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What is sex really for?
What is sex really for?

New Delhi, Oct 24 (TIWN): Few topics arouse as much interest and controversy as sex. This is hardly surprising. The biological continuance of the species hinges on it – if human beings stopped having sex, there would soon be no more human beings. Popular culture overflows with sex, from cinema to advertising to, yes, even politics. And for many, sex represents one of the most intimate forms of human connection.

Despite its universality, sex and its purpose have been understood very differently by different thinkers. I teach an annual course on sexuality at Indiana University, and this work has provided opportunities to ponder sex from some provocative angles, including the body, the psyche and the spirit.

Sex and the body
Alfred Kinsey (1894-1956) was an insect biologist whose alarm at “widespread ignorance of sexual structure and physiology” led him to become perhaps the first major American figure in the study of sex. The Kinsey Reports, published in 1948 and 1953, presented a highly statistical taxonomy of sexual preferences and practices. Despite draining sex of virtually all eroticism, the books managed to sell about three-quarters of a million copies.

The intellectual climate for Kinsey’s studies of sex had been powerfully shaped by the work of Sigmund Freud (1856-1939). Physician and founder of psychoanalysis, Freud created a model of the human psyche that placed libido or sex drive at its core and postulated that psychological and social life are powerfully shaped by its tensions with the conventions of civilized behavior. According to Freud, failure to adequately resolve such tensions could manifest in a variety of mental and physical ailments.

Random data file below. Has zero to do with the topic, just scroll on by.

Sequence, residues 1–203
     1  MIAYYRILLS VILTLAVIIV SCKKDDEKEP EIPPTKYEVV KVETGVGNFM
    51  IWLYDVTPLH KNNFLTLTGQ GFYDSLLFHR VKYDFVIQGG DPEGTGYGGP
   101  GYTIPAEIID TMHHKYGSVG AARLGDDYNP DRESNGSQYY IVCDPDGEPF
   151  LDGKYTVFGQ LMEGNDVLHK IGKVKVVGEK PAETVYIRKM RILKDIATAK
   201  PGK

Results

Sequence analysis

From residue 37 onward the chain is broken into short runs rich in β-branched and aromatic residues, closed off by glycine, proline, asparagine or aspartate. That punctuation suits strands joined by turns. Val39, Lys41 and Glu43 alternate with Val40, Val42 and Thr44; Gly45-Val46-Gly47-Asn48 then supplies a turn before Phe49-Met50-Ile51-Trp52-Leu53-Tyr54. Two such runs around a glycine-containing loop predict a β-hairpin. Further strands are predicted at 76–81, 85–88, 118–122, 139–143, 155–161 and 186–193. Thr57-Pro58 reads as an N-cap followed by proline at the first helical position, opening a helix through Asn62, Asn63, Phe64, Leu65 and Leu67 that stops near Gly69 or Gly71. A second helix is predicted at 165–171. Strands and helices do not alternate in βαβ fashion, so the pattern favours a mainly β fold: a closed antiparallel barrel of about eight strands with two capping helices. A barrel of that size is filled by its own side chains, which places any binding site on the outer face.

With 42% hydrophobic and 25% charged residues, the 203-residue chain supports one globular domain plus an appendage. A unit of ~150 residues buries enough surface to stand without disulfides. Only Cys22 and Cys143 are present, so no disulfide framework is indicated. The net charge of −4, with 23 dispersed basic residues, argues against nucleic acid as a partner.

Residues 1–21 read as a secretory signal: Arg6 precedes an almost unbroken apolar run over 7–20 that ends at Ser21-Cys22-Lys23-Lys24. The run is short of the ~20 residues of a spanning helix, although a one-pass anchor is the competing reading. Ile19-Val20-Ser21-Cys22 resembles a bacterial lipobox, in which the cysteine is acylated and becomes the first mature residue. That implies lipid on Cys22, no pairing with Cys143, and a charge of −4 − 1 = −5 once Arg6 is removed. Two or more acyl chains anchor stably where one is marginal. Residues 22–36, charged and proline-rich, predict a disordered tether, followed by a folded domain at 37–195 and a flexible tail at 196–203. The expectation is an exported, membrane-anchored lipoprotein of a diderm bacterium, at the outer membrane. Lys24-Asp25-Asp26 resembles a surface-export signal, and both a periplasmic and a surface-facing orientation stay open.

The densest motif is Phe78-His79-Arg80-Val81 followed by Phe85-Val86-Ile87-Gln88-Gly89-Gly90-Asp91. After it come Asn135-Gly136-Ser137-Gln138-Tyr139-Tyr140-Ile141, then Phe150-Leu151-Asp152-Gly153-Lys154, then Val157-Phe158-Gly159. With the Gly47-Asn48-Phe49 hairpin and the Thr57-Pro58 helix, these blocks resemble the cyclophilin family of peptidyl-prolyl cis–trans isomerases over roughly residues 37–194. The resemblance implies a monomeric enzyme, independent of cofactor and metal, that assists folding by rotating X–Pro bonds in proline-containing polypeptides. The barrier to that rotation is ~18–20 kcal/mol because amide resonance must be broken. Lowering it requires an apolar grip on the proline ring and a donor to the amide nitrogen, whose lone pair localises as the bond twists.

The stage for psychoanalysis had in turn been set by Charles Darwin (1809-1882). In “Selection in Relation to Sex (1871),” Darwin argued that human beings are animals, likening differences between males and females in body and behavior to those seen among species such as peacocks and emphasizing female choosiness and direct competition among males. From Darwin’s vantage point, and later that of Freud, even some of the most sophisticated trappings of human civilization reflect basic biological imperatives. The subject of non-heterosexual attraction requires a different account.

At first glance, sexual reproduction is a puzzle, since each member of an asexually reproducing species can produce its own genetically identical young at a lower biological cost. However, sexual reproduction allows a more rapid reshuffling of the genetic deck, increasing the probability that some individuals will be well adapted to environmental changes. Because human beings reproduce sexually, the foundation is laid for sexual selection, the competition for mates of which Darwin wrote in such detail.

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